Reading through the Bible together

Tuesday, February 18, 2014

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Chapter 2 powerfully depicts the love relationship between Solomon and his beloved during their courtship. Using examples from the world of nature, the Shulamite describes her intimate communion with Solomon (verse 3).  Ellen White applies this portrayal of human intimacy to our need for such intimacy with Christ:

Not a pause for a moment in His presence, but personal contact with Christ, to sit down in companionship with Him--this is our need. Happy will it be for the children of our homes and the students of our schools when parents and teachers shall learn in their own lives the precious experience pictured in these words from the Song of Songs:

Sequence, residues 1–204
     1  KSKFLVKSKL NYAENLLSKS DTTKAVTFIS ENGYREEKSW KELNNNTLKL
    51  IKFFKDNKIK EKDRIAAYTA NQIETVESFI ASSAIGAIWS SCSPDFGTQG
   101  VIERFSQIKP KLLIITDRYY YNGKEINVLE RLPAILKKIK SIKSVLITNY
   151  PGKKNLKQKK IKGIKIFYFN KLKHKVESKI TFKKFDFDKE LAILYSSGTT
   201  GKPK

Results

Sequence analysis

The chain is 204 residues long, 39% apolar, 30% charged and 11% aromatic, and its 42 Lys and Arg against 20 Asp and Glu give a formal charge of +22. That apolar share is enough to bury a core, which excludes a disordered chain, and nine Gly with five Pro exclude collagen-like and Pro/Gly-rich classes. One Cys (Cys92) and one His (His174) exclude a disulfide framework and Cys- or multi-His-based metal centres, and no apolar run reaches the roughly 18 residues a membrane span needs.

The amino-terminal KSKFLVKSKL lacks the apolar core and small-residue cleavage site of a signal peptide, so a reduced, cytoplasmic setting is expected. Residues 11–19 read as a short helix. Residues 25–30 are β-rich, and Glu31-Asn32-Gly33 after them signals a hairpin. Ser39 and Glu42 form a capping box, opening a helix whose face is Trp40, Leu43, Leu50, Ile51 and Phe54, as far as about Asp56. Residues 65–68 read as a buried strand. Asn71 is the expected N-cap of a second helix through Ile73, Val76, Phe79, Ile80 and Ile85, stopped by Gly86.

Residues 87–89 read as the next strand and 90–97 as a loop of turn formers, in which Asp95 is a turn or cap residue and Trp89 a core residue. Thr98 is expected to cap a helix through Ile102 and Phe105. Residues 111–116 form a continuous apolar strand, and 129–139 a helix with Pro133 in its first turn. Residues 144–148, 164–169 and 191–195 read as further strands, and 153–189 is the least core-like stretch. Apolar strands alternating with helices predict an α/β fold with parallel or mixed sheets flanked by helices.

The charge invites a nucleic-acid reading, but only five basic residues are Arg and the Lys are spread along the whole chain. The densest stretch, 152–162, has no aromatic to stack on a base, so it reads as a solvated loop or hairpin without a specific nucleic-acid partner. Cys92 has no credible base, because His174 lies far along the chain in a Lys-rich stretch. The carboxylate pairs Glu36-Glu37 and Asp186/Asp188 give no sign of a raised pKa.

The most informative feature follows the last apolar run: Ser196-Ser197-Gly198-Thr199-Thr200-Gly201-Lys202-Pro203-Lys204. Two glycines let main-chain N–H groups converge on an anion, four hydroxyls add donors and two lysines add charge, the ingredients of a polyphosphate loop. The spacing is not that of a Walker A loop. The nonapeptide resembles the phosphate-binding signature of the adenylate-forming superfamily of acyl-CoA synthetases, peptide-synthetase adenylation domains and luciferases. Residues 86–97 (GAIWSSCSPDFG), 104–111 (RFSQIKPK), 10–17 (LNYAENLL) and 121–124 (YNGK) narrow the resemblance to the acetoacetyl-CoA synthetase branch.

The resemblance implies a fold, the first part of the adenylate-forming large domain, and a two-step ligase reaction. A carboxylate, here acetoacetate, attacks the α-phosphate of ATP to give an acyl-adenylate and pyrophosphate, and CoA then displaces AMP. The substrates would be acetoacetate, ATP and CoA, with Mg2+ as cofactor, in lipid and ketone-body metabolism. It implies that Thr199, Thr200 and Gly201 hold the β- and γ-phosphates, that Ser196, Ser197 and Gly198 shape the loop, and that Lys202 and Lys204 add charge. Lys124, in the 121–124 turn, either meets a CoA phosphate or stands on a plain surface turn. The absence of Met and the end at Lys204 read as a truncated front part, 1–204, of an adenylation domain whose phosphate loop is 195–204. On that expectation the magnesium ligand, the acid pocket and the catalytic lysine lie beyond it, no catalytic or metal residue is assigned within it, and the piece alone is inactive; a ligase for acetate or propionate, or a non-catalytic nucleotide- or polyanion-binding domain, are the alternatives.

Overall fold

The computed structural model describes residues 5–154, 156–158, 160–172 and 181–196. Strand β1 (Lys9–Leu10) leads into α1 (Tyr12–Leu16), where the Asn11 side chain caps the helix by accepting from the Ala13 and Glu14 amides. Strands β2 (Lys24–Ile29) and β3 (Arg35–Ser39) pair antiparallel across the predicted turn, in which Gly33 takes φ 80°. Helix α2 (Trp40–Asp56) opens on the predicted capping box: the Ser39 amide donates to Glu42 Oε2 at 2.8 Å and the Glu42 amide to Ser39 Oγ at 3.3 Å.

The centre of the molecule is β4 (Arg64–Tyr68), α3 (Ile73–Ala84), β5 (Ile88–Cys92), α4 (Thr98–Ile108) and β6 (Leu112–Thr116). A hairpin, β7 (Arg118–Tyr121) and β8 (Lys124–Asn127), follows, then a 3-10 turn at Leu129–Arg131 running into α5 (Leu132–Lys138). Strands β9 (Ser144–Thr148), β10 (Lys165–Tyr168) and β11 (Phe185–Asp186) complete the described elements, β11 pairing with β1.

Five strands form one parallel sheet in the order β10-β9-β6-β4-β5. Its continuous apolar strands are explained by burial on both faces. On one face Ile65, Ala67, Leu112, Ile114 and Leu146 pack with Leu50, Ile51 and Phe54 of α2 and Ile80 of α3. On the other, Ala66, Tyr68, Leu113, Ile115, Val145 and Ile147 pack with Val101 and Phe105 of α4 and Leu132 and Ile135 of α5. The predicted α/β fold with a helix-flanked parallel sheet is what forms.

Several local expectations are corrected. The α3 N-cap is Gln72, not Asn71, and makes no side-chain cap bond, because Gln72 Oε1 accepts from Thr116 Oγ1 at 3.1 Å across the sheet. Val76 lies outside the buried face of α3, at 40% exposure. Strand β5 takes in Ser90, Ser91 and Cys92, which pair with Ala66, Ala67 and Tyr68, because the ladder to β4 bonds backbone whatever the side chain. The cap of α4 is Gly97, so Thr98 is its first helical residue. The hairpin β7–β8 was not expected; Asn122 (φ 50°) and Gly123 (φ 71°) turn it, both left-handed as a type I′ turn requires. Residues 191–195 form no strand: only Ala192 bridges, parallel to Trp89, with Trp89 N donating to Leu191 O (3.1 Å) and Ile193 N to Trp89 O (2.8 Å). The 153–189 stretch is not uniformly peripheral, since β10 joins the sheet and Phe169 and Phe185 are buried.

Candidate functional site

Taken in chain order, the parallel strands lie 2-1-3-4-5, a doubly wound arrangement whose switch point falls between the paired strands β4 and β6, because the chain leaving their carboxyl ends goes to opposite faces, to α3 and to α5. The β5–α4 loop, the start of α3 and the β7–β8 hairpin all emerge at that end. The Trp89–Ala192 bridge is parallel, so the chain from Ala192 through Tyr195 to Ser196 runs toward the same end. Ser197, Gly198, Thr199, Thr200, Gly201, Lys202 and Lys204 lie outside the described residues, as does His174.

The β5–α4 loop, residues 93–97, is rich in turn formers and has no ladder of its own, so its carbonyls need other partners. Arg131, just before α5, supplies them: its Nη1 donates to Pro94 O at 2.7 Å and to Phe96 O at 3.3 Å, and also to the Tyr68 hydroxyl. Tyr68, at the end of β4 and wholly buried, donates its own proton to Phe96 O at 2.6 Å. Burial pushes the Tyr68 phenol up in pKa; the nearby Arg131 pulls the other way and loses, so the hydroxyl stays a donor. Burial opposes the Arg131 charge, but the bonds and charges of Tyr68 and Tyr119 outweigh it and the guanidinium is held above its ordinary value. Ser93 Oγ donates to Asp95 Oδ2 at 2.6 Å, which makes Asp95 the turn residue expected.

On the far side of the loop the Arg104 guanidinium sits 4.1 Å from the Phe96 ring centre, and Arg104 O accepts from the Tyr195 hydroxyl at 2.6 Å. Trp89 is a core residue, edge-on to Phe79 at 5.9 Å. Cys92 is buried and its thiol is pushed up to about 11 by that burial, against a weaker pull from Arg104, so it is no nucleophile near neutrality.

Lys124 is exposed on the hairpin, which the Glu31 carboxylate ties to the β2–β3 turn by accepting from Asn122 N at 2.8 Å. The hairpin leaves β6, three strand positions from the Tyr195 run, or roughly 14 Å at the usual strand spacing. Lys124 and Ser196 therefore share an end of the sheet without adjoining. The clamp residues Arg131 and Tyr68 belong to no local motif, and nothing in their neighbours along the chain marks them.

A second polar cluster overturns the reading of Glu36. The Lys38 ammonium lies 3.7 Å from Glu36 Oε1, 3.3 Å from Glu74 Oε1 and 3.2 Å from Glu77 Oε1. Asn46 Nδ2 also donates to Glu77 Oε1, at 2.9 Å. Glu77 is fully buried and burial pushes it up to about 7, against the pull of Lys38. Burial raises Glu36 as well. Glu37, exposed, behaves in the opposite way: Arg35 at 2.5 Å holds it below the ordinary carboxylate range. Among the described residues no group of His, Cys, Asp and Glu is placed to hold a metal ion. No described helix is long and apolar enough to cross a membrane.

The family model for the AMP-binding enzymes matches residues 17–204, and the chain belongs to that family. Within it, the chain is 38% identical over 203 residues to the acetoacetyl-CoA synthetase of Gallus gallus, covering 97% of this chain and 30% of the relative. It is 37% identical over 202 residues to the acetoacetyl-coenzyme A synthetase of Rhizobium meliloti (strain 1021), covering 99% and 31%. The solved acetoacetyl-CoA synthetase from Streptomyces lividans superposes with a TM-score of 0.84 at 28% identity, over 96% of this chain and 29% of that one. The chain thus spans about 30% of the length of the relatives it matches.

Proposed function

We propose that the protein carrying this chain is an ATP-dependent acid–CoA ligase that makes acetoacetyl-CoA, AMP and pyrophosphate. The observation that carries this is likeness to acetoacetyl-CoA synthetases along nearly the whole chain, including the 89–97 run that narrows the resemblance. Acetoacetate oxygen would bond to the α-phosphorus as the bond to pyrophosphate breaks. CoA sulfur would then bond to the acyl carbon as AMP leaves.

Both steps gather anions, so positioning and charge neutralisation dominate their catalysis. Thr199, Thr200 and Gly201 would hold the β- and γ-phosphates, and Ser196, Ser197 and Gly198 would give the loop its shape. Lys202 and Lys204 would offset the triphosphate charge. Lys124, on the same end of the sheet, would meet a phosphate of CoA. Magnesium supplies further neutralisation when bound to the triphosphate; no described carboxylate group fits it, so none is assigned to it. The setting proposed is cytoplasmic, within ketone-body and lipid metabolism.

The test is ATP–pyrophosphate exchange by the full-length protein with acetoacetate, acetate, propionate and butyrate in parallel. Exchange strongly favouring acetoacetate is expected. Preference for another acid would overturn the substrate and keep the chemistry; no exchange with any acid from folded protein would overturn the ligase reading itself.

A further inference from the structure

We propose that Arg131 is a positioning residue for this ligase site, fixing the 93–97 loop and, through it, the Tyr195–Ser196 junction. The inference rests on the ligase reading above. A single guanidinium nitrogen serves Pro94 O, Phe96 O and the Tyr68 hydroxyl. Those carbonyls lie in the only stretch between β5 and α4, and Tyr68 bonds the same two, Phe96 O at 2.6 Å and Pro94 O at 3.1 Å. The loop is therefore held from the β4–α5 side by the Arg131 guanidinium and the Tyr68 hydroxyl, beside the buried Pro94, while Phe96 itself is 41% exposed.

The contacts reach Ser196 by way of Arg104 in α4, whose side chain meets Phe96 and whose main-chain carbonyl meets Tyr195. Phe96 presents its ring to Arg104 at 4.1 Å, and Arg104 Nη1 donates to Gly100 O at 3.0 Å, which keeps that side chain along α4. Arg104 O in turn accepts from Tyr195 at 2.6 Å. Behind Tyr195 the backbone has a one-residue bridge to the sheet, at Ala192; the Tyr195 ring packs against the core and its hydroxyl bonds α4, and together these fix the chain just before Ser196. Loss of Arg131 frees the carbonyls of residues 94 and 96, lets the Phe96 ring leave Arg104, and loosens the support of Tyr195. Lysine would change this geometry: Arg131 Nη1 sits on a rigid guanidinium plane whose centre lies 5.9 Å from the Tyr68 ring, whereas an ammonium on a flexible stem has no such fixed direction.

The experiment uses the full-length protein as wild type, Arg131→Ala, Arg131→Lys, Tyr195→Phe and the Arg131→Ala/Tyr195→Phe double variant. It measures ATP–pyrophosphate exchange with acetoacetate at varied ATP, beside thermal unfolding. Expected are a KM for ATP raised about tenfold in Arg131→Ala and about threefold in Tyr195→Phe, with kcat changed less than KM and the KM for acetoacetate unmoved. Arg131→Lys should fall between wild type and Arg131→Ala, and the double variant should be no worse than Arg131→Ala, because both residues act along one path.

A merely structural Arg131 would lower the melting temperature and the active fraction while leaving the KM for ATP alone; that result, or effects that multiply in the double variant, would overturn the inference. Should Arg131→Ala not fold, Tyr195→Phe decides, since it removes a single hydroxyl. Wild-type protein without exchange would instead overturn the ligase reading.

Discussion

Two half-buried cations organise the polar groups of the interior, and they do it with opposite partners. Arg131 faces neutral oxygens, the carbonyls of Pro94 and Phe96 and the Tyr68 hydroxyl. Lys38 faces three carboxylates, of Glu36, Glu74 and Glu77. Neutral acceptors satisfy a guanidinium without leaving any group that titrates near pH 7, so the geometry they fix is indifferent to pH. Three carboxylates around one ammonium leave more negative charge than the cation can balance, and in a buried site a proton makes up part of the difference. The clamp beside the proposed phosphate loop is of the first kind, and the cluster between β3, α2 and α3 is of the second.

“As the apple tree among the trees of the wood, 

       So is my Beloved among the sons. 

       I sat down under His shadow with great delight, 

       And His fruit was sweet to my taste. 

       He brought me to the banqueting house, 

      And His banner over me was love.”   Education 261 (see 7T 69).

The Shulamite also emphasizes appropriate restraint in budding love relationships in the repeated solemn appeal to her unmarried female companions:  “Do not stir up nor awaken love until it pleases [or better, ‘until it is the right time’]” (verse 7; see also 3:5 and 8:4).  The chapter also warns of the “little foxes” (potential obstacles to the relationship, v. 15) and underscores the mutuality between man and woman in their relationship:  “My beloved is mine and I am his” (verse 16).  These principles need to be applied in our personal experience.

“Father, help me to prioritize my life so that I may daily enjoy intimate communion with my beloved spouse, and sit down in close companionship with my Beloved Savior. Amen.”

Richard M. Davidson

Professor of Old Testament Interpretation

Andrews University Theological Seminary